The country north of Hadrian’s Wall is known for kilts, castles, whisky and Wallace, but Scotland has so much more to offer the first-time visitor. Here’s a quick roundup of our favourite Scottish destinations to include on your itinerary when you head to experience your first taste of Bonnie Scotland. Hae a guid journey!
The capital of Scotland and the seat of Scottish Parliament, Edinburgh is a grand old city with plenty of soul. Full of dark, gothic buildings like the famous Scott Monument on Princes Street and the ancient stronghold of Edinburgh Castle that holds watch over the city, Edinburgh has a singular ambiance that walks a fine line between convivial and awe-inspiring. The best way to really see and feel the city is to set out on foot – stroll the Royal Mile, wander through the National Gallery of Scotland, drop in at Holyroodhouse Palace or take a leisurely walk to Arthur’s Seat, where you can enjoy remarkable views over the entire city. Drop in at a few pups along the way to sample some local whisky (remember to drop the ‘e’ – that’s Irish!) and maybe even try some haggis!
The National Wallace Monument
Made famous by the sweeping Hollywood blockbuster Braveheart, the story of how Sir William Wallace lead Scotland to victory over the English at the Battle of Stirling Bridge is an epic tale for the ages. The National Wallace Monument stands outside the city of Stirling, overlooking the scene of this pivotal battle, and offers visitors an opportunity to learn more about this widely heralded Scottish patriot and martyr, who would ultimately become known as the Guardian of Scotland.
One of Europe’s finest towns, St Andrews is a place of history, learning and culture, a wonderful coastal resort, and also known for some pretty spectacular golf courses. Visit St Andrews Castle, Blackfriars Chapel and the Martyrs’ Monument for a spot of culture; make your way to Eden Mill or Kingsbarns Distillery to wet your whistle and learn more about the whisky trade; or go on guided walks of the Old Course if you want to follow in the footsteps of some golfing greats.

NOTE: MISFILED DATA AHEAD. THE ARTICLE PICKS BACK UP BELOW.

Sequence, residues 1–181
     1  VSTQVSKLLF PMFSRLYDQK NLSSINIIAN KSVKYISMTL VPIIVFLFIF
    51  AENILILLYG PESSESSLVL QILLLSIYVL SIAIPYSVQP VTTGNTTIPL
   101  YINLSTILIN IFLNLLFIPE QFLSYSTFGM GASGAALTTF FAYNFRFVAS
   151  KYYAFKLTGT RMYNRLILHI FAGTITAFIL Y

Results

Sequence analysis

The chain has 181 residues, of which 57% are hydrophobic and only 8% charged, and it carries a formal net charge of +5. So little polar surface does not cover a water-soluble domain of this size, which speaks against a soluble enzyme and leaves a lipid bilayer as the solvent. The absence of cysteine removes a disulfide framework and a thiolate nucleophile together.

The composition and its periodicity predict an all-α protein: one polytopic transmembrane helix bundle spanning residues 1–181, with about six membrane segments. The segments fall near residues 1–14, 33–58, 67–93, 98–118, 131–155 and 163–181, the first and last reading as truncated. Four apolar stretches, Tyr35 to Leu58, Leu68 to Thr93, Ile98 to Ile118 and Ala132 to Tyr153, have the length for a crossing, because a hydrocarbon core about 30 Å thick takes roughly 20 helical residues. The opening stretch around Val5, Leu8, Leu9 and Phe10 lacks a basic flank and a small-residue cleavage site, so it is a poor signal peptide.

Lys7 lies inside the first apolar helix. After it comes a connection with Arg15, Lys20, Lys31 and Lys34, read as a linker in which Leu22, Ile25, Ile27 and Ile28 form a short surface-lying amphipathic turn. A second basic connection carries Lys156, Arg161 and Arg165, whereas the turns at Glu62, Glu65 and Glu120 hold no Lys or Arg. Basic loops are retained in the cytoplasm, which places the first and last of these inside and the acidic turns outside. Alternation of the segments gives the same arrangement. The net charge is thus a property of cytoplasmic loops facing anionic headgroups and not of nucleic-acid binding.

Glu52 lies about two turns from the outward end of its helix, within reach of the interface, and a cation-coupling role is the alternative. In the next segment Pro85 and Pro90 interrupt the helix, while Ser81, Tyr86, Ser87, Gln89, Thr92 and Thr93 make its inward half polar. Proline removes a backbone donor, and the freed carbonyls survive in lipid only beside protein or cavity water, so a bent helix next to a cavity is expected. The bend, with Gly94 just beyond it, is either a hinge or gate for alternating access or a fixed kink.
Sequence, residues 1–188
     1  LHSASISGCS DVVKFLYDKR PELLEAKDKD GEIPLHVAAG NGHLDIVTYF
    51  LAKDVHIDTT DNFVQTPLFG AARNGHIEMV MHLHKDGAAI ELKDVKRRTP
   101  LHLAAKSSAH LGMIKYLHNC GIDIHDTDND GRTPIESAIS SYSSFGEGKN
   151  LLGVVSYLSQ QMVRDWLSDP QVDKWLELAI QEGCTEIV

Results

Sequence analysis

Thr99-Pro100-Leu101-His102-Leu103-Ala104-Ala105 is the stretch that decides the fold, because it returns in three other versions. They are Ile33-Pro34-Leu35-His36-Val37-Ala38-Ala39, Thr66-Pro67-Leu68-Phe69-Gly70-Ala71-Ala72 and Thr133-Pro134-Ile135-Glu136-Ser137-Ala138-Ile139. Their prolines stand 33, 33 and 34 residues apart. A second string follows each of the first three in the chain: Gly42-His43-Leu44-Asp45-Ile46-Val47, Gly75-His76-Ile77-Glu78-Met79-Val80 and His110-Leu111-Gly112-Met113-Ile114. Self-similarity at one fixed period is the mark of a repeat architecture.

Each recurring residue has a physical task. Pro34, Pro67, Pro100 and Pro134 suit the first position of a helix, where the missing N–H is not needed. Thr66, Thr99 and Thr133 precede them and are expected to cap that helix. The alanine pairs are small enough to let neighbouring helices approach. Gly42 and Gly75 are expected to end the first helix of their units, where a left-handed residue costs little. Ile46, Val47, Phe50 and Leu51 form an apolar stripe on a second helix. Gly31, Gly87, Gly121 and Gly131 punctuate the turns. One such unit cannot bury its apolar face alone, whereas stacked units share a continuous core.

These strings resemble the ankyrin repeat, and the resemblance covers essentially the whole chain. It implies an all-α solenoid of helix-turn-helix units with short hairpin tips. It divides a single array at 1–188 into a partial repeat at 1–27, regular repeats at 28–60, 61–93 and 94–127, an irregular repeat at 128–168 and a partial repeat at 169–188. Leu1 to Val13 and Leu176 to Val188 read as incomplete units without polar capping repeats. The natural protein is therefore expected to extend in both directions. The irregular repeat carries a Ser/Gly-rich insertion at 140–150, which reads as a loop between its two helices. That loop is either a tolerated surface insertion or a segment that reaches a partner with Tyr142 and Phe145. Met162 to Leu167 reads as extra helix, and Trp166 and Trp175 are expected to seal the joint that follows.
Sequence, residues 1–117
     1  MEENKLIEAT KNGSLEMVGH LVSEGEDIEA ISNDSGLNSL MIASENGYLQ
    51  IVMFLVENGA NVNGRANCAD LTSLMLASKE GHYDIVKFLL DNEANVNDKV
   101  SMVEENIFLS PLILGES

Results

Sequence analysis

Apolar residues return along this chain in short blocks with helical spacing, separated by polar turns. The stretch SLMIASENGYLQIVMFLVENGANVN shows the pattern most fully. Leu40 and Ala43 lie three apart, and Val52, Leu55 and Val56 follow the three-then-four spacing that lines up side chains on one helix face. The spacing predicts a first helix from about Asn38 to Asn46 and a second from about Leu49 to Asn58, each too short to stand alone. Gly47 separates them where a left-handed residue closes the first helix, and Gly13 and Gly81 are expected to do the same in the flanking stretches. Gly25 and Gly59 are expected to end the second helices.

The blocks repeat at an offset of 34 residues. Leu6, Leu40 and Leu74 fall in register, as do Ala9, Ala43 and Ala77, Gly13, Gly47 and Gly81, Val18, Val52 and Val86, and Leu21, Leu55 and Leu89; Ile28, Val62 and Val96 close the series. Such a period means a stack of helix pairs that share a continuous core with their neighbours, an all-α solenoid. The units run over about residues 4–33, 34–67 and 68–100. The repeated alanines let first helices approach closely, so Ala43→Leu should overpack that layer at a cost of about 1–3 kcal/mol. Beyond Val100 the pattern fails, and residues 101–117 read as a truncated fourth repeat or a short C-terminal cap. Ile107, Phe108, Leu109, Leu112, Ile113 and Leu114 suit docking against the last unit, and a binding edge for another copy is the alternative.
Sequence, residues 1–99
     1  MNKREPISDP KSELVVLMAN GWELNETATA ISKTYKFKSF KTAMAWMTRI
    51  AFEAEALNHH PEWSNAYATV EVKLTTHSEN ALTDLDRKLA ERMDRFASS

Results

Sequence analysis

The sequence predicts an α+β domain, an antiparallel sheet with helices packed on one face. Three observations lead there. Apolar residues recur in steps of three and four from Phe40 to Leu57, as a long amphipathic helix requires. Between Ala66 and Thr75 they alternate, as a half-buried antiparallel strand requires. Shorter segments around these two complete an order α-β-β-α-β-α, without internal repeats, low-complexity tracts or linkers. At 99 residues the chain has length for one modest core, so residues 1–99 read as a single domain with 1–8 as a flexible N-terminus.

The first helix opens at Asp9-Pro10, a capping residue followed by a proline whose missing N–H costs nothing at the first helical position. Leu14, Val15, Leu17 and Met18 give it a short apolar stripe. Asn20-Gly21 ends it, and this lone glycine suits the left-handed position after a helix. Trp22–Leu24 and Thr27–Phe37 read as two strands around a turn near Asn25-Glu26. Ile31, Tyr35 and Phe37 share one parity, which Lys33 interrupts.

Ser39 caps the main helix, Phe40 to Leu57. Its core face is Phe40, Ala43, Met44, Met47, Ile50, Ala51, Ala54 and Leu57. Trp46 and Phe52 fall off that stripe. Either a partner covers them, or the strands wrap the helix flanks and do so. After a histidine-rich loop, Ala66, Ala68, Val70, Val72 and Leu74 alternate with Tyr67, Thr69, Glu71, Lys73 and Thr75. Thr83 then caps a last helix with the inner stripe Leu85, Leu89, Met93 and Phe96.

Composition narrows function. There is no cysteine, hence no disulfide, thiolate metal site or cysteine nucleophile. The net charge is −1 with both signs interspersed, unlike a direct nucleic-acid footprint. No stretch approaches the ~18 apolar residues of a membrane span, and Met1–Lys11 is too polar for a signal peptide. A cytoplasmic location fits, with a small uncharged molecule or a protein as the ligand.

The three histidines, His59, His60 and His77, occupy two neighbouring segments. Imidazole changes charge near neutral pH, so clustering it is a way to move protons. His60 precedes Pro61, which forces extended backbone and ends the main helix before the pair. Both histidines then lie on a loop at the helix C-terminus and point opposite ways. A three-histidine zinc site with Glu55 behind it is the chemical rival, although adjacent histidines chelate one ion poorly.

The Highlands are the physical manifestation of Scotland as most people see in their mind’s eye before they set out on a Scottish adventure. It’s an amazing amalgamation of culture, history, architecture and unparalleled scenery. Think big skies, mind-blowing landscapes, superb food and hospitable people – an unpredictable, untameable destination that weaves a singular kind of magic. Enjoy jaw-dropping views, pass through the countless scenic mountains, forest paths, rivers, lochs, wildlife hotspots, friendly villages of the renowned Cairngorms National Park and so much more!
Loch Ness is a freshwater loch (lake) well-known the world over, perhaps more so for the mythical Loch Ness monster than anything else. Overlooking the beautiful loch are the stark remains of Urquhart Castle, which was built in the 1230s. Seized by the English in 1296, the castle was sacked by the MacDonald Lord of the Isles in 1545 and was abandoned in 1689. The wild beauty of the remains make for spectacular photo opportunities.
Isle of Skye
Renowned for its rugged landscapes, picturesque fishing villages and medieval castles, the stunning Isle of Skye is connected to Scotland’s northwest coast by bridge and the largest island in the Inner Hebrides archipelago. Skye is a world-class destination for walkers and climbers of all persuasions and has a rich history that covers everything from dinosaur fossils and clan warfare to the Jacobite Rebellion and Bonnie Prince Charlie.
Ben Nevis is the highest peak in the British Isles, and close to the town of Fort William. Fondly referred to as ‘Ben’ by the locals, this imposing peak sits majestically at the head of Loch Linnhe, it’s imposing presence emphasised by the fact that it begins its rise from sea-level to tower 4,406ft (1,344m) above the town. If you are planning to make your way up the mountain footpath with friends or on your own you may want to consider the benefits of a guided walk – Ben Nevis can be quite intolerant of ill-prepared ramblers.
Eilean Donan Castle
Situated on an island at the point where three great sea lochs meet, Eilean Donan Castle is known as one of the most iconic images of Scotland and highly regarded visitor attractions throughout the Highlands. The first fortified castle was build on the island in the 1200s and has since been rebuilt no less than four times as Scotland’s feudal history unfolded over the centuries. The castle was restored to its former glory in the early 1900s by Lieutenant Colonel John MacRae-Gilstrap who bought it after it had lain in ruins for the better part of 200 years. Today visitors can explore nearly every part of the castle to learn more about the structure and the history of the region.
Scotland is a gorgeous, wild, sweeping country and true jewel in the crown of Great Britain. A destinations sure to revive the wanderlust in even the most seasoned traveller. Turas math dhut!
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